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The beginning and end of a person’s life path in the traditions of the Sumy region (middle – second half of the 20th century)

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The authors of the publication:
Havrylenko Viktoriya
Bibliographic description:
Havrylenko, V. (2019) The beginning and end of a person’s life path in the traditions of the Sumy region (middle – second half of the 20th century). Materials to Ukrainian Ethnology, 18 (21), 95–105.


Havrylenko Viktoriya

head of the Department of intangible cultural heritage of the Sumy Regional Scientific and Methodological Center of Culture and Arts.


The beginning and end of a person’s life path in the traditions of the Sumy region (middle – second half of the 20th century)



The article is dedicated to the description of the customs and traditions connected with the beginning and the end of the person’s course of life. The research is based on the field records in the settlements of the Sumy region (which belong ethnographically to Poltava region, Slobozhanschyna and Polissia). The materials are the informants’ reminiscences on the events of the period of the middle – the second half of the 20th century.

Proposed work consists of two parts. The peculiarities of the childbirth, rituals and customs of the baby holiday (‘rodyny’), christening, haircutting (‘postryzhyny’), care of the baby and treatment of children’s diseases are considered in the first part. In the middle of the 20th century the childbirth has taken place in the hospital. But the family often invites a midwife (‘baba’) if the woman is bearing at home. According to the ancient belief if the childbirth is hard, a midwife should open windows, the locks and untie the knots.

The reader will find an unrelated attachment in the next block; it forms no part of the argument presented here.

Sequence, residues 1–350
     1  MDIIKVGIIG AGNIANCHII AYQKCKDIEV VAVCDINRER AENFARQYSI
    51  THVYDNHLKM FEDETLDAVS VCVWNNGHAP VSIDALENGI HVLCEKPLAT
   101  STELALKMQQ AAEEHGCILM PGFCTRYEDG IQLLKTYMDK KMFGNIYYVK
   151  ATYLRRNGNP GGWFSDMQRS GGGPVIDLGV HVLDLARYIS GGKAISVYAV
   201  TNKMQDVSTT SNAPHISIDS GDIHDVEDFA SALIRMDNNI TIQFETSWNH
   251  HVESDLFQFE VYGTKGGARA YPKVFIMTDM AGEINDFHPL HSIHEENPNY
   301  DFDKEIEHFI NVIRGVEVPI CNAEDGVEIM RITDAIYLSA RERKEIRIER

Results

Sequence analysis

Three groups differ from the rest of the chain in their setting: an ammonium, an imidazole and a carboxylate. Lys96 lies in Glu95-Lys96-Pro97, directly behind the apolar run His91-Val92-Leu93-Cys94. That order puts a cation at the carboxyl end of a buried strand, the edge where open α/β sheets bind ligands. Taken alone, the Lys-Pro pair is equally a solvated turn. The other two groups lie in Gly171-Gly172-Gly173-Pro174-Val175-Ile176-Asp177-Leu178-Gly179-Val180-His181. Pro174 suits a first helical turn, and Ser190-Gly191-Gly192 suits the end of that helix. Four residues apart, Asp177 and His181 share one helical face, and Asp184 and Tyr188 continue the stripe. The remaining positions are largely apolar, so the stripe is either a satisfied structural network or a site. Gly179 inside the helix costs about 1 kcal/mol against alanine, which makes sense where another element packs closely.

The baby holiday (‘rodyny’) consists of the visiting of the woman recently confined and the baby, ‘the legs rinsing’ of the baby. There are also some original rituals. One of them is the ‘leading to the paradise’, when the granny brings the baby and invites relatives to the celebrating table. The other rite is devoted to the ‘baby’s navel sucking in’. The custom to take random godparents is preserved in the christening ritual of the second half of the 20th century. It is especially relevant if the first children in the family die. The godparents have brought the baby from the church in a new status. That’s why it is a tradition to say ‘We have taken the new-born baby and brought a christened one’. The respondents recollect the cooking of midwife kasha in Putyvl district. The pot with it has been smashed traditionally for the baby’s and mom’s health.

The normal development of the baby consists in the bathing in the fragrant herbs, ‘measuring’ of the arms and legs, ‘cutting of the imaginary chains’ with the baby’s first steps. Some ways have been used for the treatment of children’s diseases. For example, if the baby can’t sleep she or he is brought to the hens. The other actions include the banishment of the cries, bathing with poppies (for the good sleeping), face washing with dishwater (against the evil eye), the removal of the fright (also with the help of village healers).

The second part of the article is dedicated to funeral customs and rituals concerning the prohibitions for the late’s relatives, dressing of the dead man, the use of special candles (‘guides’). Two samples of ritual keening are proposed in the article. A special grain koliva is known as the main dish of the funeral dinner. It has been eaten by all of the relatives certainly. The custom to bake special funeral cookie which looks like a ladder is fixed in the village where the ethnic Russians live. It is believed, that this ‘ladder’ helps the deceased to get to the heaven. An interesting ritual has existed in Buryn district. After the dinner devoted to the anniversary of the death the guests come out to the garden. The widow has threatened to the fruitless apple-tree or pear tree. Then everyone drinks out a gulp of horilka.



baby holiday (‘rodyny’), christening, haircutting (‘postryzhyny’), keening, funeral dinner.



  1. DMYTRUK, Nykanor. From a New Life. Ethnographic Bulletin, 1926, book 2, pp. 31–37 [in Ukrainian].
  2. KORSHAK, Tetiana. Holidays and Rituals of Okhtyrka District (From the Materials of Folklore Expedition). Sumy, 1993, 30 pp. [in Ukrainian].